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Uber transforms into a domestic company in Taiwan

Uber transforms into a domestic company in Taiwan

(CNA photo)

Uber announced that it has transformed into a domestic company, effective from Monday (Dec. 7), which means those using its ride-hailing service through Uber App will no longer receive electronic invoices, nor will they be surcharged for payment using credit cards.

The mobility business of the American technology company in Taiwan made the announcement on Monday, one year after it joined Taiwan's "multipurpose taxi (MPT)" program, a government arrangement for the unconventional ride-hailing service to work with local rental car firms and also serve as a technology platform.

The MPT scheme allows app-based metering, upfront pricing and flexible vehicle appearances rather than the standard yellow of Taiwanese taxis.
Because it was previously categorized as an overseas electronic commerce operator, Uber had to issue electronic invoices to customers using its services via app under Taiwan's Business Tax Act.

Under that status, those paying the company for its services using a credit card were surcharged by the bank a certain percentage of the payment, since it was regarded as an overseas transaction.

Now that it has become a domestic company, Uber is exempted from the e-invoice requirement and its customers will no longer have to pay the surcharge on credit card payments, the company said, expecting growing business in the nation.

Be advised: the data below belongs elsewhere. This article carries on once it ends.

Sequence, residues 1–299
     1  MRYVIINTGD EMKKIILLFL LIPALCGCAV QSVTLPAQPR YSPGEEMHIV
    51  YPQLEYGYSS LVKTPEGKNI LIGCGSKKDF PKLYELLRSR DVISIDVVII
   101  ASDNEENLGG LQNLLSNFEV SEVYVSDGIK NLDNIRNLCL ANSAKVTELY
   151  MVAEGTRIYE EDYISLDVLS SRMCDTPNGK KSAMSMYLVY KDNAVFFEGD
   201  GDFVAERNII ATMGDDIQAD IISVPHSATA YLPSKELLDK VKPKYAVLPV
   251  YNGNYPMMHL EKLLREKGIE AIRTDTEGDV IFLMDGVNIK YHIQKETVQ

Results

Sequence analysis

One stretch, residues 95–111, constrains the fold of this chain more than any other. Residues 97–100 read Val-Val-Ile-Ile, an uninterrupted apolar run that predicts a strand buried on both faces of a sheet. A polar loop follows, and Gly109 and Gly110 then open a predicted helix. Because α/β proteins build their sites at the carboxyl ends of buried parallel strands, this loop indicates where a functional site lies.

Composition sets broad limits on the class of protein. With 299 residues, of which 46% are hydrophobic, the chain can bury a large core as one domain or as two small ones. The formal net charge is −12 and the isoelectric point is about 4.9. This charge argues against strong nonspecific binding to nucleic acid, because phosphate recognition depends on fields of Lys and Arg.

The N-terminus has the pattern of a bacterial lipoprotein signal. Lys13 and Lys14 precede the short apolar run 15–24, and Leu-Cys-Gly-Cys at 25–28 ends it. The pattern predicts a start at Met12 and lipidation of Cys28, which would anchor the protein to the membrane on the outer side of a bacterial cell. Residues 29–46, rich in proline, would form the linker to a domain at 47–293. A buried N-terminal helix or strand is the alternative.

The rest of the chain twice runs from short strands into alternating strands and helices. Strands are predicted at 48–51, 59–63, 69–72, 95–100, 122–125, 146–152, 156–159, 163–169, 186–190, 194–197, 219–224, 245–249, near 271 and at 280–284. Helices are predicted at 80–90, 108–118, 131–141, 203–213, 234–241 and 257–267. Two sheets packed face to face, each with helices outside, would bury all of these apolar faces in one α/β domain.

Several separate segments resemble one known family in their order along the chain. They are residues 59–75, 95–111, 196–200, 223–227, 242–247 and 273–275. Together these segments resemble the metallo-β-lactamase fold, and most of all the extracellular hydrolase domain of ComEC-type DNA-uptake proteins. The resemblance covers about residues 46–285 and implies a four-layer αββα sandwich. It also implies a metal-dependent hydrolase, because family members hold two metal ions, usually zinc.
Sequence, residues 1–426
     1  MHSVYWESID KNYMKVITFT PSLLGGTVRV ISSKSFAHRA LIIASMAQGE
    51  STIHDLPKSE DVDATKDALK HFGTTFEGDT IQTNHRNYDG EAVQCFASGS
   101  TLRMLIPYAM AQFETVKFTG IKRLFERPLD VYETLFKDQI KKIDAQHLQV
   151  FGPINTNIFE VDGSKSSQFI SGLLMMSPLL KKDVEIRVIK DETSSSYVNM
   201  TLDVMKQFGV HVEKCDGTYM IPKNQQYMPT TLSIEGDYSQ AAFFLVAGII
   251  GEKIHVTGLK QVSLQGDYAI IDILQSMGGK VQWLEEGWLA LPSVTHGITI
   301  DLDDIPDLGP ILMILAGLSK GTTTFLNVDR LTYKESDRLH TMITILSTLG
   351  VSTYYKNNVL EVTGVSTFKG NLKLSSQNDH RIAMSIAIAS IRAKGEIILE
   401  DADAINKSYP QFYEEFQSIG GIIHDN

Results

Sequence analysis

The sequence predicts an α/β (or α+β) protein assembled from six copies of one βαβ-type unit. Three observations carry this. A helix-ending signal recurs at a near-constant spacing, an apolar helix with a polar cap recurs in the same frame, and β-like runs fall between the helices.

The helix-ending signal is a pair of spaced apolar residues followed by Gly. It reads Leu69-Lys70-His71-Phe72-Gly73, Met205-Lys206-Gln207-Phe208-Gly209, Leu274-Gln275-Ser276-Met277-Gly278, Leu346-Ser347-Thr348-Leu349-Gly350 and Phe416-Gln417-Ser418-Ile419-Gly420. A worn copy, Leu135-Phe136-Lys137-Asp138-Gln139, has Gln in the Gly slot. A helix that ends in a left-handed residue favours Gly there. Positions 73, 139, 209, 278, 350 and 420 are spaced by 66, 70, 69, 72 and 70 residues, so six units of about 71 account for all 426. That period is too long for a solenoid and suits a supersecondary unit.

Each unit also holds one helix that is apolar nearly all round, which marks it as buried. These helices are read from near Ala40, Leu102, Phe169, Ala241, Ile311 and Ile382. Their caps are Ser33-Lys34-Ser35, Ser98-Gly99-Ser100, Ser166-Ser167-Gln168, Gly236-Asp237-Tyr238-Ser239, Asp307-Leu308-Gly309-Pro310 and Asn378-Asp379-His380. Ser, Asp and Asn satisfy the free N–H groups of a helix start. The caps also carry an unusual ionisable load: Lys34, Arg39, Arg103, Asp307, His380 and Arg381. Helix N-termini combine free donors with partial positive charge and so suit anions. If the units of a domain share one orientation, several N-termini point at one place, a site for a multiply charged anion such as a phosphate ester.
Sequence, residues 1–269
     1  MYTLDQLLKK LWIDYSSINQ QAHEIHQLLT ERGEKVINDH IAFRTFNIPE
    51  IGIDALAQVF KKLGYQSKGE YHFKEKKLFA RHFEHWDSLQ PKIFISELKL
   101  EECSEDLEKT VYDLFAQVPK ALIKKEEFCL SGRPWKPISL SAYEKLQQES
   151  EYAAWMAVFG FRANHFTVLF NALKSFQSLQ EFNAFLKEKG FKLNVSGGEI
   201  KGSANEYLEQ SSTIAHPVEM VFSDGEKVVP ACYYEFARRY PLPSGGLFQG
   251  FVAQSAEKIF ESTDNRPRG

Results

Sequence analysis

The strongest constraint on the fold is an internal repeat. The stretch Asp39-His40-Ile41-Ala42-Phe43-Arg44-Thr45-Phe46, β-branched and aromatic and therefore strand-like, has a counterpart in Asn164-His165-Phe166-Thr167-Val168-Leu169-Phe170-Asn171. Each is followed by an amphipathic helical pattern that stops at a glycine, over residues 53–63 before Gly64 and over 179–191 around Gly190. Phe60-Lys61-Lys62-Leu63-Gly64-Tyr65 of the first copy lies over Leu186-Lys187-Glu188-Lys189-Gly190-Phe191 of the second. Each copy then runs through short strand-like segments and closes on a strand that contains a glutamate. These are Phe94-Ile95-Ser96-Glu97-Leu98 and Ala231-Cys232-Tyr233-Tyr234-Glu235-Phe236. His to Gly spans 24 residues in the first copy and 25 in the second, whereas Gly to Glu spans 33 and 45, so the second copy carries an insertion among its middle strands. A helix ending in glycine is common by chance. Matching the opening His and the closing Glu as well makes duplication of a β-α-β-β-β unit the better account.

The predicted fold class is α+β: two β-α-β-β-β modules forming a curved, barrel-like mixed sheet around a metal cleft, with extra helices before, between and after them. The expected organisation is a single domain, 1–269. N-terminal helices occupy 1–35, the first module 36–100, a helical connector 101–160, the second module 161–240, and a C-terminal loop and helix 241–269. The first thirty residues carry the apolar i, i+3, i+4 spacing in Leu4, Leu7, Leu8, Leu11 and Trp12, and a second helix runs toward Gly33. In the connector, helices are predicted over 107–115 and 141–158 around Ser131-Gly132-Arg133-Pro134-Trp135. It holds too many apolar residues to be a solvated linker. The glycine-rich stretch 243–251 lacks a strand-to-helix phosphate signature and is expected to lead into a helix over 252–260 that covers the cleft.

Uber Taiwan General Manager Raymund Li (楊思祥) said the company cooperated to seek its transformation last year so that it could run its business legally in Taiwan.

Since then, Uber has formed partnerships with six taxi fleets to offer ride-hailing services in eight cities, he added.

The cities where Uber drivers offer their services currently are Keelung, Taipei, New Taipei, Taoyuan, Hsinchu, Taichung, Changhua and Kaohsiung, according to the company.

Since coming to Taiwan in 2013, Uber had triggered massive protests until recent years by local taxi drivers complaining about drivers using the ride-hailing app who are not licensed taxi drivers.

Because of the protests, Uber began collaborating with car rental operators in an attempt to continue its operations in Taiwan, but this collaboration failed to smooth over the controversy.

Eventually, the Ministry of Transportation and Communications moved to amend the transportation management rules to ban rental car businesses like Uber from offering taxi services and to require them to charge by hours and days, instead of charging based on mileage coverage.

The amendment has led to the formation of Article 103-1 of the Regulations for Automobile Transportation Operators, dubbed the "Uber Clause," in 2019.

The clause was promulgated June 6 that year, with a grace period for Uber drivers to acquire the required business and professional driver licenses to continue their business under the MPT scheme.

The deadline of the grace period, originally set for Oct. 6, 2019 was postponed until Dec. 1. Violators of the new scheme will be subject to fines of up to NT$90,000 (US$2,949).

Updated : 2022-01-25 02:41 GMT+08:00